On 11 February 1990, Nelson Mandela emerged from prison after 27 years of captivity, holding the hand of his wife Winnie. It was one of the defining moments of recent history, and Mandela has since become an icon of peace, tolerance and victory over oppression. But what of the woman whose hand he held?
Mrs Mandela opens on the day of Nelson’s release from Victor Vester prison. The global media are there to record the moment for posterity but, behind the public face of triumphant celebration, lies an inner turmoil, as Winnie is forced to question whether she can continue to play the loyal and faithful wife; whether it is possible to pick up their lives together after decades of separation.
The film flashes back to a time when things were very different – when Winnie and Nelson first meet. They marry after a brief courtship, but Nelson is soon forced to go underground.
His subsequent imprisonment leaves the beautiful young Winnie to fend for herself. These desperate times somehow give her the strength to become the woman that the apartheid state must try to destroy.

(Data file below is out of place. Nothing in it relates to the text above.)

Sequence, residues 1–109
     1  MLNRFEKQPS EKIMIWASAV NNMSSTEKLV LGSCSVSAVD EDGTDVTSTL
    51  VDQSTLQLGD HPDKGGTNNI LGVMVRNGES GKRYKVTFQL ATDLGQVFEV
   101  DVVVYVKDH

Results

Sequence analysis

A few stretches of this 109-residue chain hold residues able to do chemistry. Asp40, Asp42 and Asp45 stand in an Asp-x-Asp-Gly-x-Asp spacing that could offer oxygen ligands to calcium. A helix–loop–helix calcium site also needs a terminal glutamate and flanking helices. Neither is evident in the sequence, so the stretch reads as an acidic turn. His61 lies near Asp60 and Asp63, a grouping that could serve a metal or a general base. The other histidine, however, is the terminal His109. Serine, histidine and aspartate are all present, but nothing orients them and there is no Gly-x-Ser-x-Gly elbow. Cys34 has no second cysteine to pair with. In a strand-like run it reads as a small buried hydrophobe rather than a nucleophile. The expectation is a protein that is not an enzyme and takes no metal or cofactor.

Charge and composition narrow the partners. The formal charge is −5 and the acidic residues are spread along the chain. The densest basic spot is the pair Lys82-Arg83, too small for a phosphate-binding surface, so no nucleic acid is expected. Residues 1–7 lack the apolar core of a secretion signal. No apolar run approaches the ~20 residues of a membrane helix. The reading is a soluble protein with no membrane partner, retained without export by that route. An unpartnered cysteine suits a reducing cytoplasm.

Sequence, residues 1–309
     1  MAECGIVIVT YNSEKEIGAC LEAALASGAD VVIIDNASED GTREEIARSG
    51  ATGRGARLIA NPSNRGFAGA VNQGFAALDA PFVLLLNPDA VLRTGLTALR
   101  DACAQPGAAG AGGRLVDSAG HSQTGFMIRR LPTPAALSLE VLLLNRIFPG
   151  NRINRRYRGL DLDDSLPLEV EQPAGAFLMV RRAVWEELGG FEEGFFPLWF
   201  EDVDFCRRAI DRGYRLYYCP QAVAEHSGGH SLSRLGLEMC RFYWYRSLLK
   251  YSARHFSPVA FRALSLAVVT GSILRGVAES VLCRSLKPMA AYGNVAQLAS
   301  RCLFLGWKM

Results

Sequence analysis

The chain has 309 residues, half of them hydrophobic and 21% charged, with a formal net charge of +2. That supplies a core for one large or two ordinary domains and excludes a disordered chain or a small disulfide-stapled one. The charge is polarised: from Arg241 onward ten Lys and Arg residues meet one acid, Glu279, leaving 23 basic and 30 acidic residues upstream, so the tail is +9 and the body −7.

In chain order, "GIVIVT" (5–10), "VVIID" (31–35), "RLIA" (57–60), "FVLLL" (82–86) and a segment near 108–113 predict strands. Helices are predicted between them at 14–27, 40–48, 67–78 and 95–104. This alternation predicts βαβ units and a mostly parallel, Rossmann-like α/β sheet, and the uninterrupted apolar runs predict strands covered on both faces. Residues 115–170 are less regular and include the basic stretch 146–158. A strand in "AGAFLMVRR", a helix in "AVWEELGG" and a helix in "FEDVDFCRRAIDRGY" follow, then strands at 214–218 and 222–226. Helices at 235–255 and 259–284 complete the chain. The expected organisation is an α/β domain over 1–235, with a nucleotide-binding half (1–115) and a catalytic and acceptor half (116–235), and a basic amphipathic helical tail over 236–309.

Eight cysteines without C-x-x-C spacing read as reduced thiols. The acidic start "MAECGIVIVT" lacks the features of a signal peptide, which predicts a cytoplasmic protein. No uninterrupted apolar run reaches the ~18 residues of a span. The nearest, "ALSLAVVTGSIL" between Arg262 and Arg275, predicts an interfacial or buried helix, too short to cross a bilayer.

But Winnie resists everything the state can throw at her, from repeated raids on her house, 13 months of solitary confinement and banishment from her home in Soweto to the remote town of Brandfort.
The film also depicts in unflinching detail the five days of continuous interrogation she suffered at the hands of the infamous Major Swanepoel.
Mrs Mandela weaves through time and history, exploring moments from the Fifties to 1990, to get to the emotional core of this remarkable, yet highly controversial, woman.
She drew on massive inner resources to steel herself against the brutality of the apartheid state, but did her experiences create a well of pain and bitterness that kindled a darker side in her personality?
Sophie Okonedo is Winnie Mandela, David Harewood is Nelson Mandela and David Morrissey plays police interrogator Theunis Swanepoel.
Mrs Mandela is on BBC Four at 9.00pm on 25 January 2010.